Last Monday the Jackson City Council Planning Committee passed an order to curtail the further proliferation of "title loan, payday loan, check cashing, liquor store and pawn shop businesses."
"In some areas we have over-proliferation," Ward 4 Councilman De'Keither Stamps said, describing the "30-plus" check-cashing storefronts on Ellis Avenue. "I don't know if we have 30 banks in Jackson."
"The Jackson City Council finds that over-development and saturation of" the aforementioned businesses "would be detrimental to the City's development and would effectively limit the ability of the City to attract diverse types of business," the order states. Although the Planning Committee passed it unanimously, it still must go before the full Council.
"Let's pause and see how we want these areas to work together," Stamps said. "What do we want them to look like?"
Where these institutions are also matters, because 30 percent of Jackson's population lives below the poverty line, and Mississippi itself is the poorest state in the union. The growth of the business in certain areas, such as Ellis Avenue, could mean that the services have focused in on the low-income area.
"People use what's closest to them," Charles Lee, director of consumer protection at the Mississippi Center for Justice, told the Jackson Free Press in February. "If that's the closest financial—quote—institution to where they live, that's what they'll use."
The moratorium resulted efforts and meetings that started in early February, Stamps said after the committee meeting.
"We surveyed the community, we asked a lot of questions about what they wanted in the community, what they want to see," Stamps said. "These were some of the things that they don't want to see any more of."
Ideally, Stamps said, a permanent solution to the business profile in the area will have to come from changes to the City's current zoning ordinances.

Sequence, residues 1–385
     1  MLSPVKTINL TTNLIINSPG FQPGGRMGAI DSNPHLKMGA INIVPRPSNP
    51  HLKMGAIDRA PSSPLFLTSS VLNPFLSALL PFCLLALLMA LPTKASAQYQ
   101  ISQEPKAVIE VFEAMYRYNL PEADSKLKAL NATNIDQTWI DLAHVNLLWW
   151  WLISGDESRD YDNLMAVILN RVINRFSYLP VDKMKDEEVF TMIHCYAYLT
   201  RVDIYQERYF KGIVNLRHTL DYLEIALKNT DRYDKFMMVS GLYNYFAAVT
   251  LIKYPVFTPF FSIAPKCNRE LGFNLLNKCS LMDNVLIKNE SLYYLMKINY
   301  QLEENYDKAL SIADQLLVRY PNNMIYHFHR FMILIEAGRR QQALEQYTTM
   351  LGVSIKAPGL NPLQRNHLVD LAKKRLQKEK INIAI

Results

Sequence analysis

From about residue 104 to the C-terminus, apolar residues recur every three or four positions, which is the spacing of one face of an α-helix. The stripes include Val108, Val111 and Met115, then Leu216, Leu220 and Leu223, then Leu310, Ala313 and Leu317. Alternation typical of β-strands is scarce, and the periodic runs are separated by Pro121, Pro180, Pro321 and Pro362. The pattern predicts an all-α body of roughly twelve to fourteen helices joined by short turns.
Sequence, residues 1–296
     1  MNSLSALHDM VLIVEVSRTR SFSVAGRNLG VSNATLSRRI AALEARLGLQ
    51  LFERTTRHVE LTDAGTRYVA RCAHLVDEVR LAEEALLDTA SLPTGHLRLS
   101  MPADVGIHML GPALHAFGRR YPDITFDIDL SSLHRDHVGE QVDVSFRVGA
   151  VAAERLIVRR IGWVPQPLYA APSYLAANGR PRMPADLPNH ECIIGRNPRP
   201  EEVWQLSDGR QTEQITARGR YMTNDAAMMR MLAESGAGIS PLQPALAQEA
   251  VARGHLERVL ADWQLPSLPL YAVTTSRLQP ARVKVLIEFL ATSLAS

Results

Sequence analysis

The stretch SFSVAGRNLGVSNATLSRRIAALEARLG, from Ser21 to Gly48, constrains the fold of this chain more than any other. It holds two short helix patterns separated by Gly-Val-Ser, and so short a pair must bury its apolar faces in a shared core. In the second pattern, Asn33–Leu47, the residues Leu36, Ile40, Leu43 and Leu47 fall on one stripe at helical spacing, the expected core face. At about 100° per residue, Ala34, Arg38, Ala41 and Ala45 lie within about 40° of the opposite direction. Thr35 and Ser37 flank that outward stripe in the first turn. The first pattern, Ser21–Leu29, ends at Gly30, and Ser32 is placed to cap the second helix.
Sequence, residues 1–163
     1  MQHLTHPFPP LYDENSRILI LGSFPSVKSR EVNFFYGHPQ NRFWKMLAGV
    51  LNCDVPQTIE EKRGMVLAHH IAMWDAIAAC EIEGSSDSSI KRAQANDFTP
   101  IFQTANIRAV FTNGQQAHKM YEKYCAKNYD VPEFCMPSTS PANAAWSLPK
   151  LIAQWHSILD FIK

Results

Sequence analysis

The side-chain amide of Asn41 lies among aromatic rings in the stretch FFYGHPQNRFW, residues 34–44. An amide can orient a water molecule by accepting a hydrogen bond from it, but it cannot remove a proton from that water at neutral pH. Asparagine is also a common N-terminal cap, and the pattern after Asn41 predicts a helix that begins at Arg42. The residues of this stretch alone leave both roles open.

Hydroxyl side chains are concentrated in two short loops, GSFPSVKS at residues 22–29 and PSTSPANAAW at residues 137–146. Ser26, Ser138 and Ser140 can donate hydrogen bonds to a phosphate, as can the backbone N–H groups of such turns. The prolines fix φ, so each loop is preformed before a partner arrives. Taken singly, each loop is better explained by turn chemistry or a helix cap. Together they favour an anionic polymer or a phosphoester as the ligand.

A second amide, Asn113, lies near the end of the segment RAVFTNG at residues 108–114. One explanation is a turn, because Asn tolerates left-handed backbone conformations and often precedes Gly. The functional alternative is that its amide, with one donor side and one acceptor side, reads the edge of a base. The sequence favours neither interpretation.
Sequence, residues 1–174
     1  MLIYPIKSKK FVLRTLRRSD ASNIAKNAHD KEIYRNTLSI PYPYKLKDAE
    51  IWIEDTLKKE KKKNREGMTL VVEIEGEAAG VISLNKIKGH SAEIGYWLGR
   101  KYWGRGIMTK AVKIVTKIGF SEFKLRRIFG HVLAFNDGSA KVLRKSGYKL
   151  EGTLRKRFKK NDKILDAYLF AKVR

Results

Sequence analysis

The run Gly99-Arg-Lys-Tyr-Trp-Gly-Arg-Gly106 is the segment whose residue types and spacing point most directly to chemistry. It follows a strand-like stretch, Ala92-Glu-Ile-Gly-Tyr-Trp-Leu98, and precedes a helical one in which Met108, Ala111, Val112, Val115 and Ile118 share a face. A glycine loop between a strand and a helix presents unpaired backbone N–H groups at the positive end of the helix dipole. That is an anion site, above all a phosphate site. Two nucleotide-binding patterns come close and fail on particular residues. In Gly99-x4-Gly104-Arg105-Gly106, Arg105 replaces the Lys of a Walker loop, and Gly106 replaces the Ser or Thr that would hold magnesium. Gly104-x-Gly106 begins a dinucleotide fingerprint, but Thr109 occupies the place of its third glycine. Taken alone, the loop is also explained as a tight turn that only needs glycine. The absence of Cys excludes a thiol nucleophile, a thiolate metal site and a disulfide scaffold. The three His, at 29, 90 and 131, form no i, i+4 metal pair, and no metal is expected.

The order states that it will "allow time to review the zoning ordinance for possible changes that are in harmony with the master plans and to review prior studies to promote redevelopment and revitalization."
"We weren't able to permanently bar them," Stamps said, "but we were able to do a temporary moratorium for a year so that we can complete master planning the area so we can do recommendations to the city about some text amendments for the zoning ordinances for specific areas."
A manager of one of the Ellis Avenue institutions, Paycheck Loans, said today that the council should speak with the customers before placing restrictions on the businesses.
"You know a lot of times they down us," Diane, who did not want to use her last name, said, "but if they would actually talk to some of the customers, they are really appreciative of having a company to go to, because the other finance companies they can't because of their credit and everything."
The Jackson Free Press reported in February that as of 2010, the cities of Byram, Canton, Clinton, Flowood, Jackson, Laurel, Pearl, Rankin County, Ridgeland, Starkville, and West Point had all either imposed moratoria or restricted the zoning regulations of check-cashing establishments. The Washington, D.C.-based Consumer Federation of America reports that more than 120 cities across the nation have pursued similar avenues of restriction.
Originally, the order would have placed a moratorium on these types of businesses across Jackson, but the committee passed amendments to narrow the scope to Ward 4.
"We made some amendments that restrict it down," Stamps said. "There were some concerns in the last committee meeting about there are some places in other parts of town that would be affected if they wanted a high-end wine and spirits shop, so we restricted it down to just Ward 4 and Highway 80."
Ward 7 Councilwoman Margaret Barrett-Simon applauded the efforts of her colleague, relating the measure to issues she had faced in her own ward.
"I think that it is especially significant and important in the area along the new roadways, because you have a chance there to put some controls in place," Barrett-Simon said. "I am always dealing with the old mistakes in the area I represent."
"I do want to commend you on this plan, though, I think it is very forward-thinking."
Email city reporter Tim Summers, Jr. at firstname.lastname@example.org. See more local news at jfp.ms/localnews.